February 11th – in 1806 – William Grenville became Prime Minister

In 1806 Britain was still at war with France and the wars fought with France in the period from 1801-1815 are known as the Napoleonic Wars.  George III (Mad King George) was on the throne although the Prince Regent was already causing havoc. Less than 3% of the population had the right to vote in elections – the Reform Acts were 30 years in the future – but after the death of the Tory politician – William Pitt the Younger, King George asked William Grenville to form a “Ministry of All Talents” to try and negotiate an end to the conflict with France.  William was the son of George Grenville who had been Prime Minister and a cousin of William Pitt. 

Grenville aimed to form the strongest possible government and so included most leading politicians from almost all groupings, although some followers of the younger Pitt, led by George Canning, refused to join.

The inclusion of Charles James Fox raised eyebrows as King George III had previously been very hostile to Fox, but the King's willingness to put aside past enmities for the sake of national unity encouraged many others to join or support the government as well. The ministry had a fairly progressive agenda, much of it inherited from Pitt.  Within this short lived government were names that we may still recognise today – George Walpole, Earl Spencer (Diana, Princess of Wales 3rd Great Grandfather) and Viscount Sidmouth who had been Prime Minister from 1801-1804.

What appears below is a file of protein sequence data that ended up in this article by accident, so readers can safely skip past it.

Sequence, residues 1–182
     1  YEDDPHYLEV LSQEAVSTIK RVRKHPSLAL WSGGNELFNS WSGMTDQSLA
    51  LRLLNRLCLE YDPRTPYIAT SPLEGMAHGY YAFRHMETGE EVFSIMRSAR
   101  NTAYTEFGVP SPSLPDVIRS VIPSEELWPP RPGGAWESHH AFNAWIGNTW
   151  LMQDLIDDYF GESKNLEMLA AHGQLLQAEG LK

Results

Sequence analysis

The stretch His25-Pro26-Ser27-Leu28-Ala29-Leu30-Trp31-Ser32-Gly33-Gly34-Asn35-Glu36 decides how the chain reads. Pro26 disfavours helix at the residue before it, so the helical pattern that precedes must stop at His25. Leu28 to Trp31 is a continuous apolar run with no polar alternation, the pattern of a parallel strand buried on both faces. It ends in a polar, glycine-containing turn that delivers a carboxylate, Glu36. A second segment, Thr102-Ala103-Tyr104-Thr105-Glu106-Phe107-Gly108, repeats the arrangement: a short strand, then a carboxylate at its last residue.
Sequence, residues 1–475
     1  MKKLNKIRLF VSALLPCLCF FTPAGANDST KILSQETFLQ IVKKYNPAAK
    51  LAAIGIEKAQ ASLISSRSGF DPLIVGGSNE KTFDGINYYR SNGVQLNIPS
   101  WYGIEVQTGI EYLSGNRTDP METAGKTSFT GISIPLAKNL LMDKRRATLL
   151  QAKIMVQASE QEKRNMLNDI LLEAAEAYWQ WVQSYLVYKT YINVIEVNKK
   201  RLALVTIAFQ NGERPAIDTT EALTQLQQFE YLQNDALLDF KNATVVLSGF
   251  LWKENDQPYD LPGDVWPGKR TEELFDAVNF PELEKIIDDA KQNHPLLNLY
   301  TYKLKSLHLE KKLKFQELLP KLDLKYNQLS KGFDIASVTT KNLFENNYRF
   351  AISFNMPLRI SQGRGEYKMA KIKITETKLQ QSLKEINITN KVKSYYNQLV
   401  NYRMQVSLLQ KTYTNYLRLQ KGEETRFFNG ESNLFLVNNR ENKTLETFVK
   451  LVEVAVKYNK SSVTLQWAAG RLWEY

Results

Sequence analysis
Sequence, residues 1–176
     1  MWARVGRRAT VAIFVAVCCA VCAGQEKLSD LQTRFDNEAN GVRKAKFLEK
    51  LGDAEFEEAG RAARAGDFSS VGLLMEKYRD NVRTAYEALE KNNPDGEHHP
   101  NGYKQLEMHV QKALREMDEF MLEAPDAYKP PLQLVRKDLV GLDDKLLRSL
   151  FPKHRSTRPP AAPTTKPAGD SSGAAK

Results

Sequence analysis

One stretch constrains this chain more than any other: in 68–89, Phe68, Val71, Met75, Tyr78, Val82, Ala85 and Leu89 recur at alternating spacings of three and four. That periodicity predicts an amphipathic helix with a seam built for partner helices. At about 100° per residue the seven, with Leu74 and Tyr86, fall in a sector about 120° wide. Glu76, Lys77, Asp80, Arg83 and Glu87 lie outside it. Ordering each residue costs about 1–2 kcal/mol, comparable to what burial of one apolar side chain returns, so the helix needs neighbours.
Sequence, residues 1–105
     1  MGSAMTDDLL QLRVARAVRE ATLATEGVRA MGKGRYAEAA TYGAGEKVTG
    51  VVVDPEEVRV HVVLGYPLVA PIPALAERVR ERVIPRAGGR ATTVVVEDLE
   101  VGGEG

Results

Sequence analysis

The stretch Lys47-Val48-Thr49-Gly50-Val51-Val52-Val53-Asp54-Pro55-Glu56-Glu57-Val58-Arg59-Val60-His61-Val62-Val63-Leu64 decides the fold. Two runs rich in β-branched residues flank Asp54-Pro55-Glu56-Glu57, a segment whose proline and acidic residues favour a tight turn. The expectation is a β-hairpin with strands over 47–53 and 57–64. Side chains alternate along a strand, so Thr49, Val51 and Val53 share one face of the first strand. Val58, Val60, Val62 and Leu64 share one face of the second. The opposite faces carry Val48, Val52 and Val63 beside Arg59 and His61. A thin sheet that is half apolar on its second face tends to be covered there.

The Ministry of All the Talents had comparatively little success, failing to bring the sought-after peace with France. In fact, the war continued for nearly another decade. It did, however, abolish the slave trade in Britain in 1807 before breaking up over the question of Catholic emancipation.

This is a fascinating period of history which has many colourful stories – The Prince Regent being quite a character; the Industrial revolution and the changing nature of the national landscape, leading up to the great Whig Social reforms of the 1830s.